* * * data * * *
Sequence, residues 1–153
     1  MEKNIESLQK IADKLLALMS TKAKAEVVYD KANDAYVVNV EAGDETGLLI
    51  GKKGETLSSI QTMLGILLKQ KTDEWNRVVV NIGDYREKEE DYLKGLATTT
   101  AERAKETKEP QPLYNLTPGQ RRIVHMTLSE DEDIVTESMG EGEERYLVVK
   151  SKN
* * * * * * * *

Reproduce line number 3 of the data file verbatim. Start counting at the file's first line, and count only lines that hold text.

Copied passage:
    51  GKKGETLSSI QTMLGILLKQ KTDEWNRVVV NIGDYREKEE DYLKGLATTT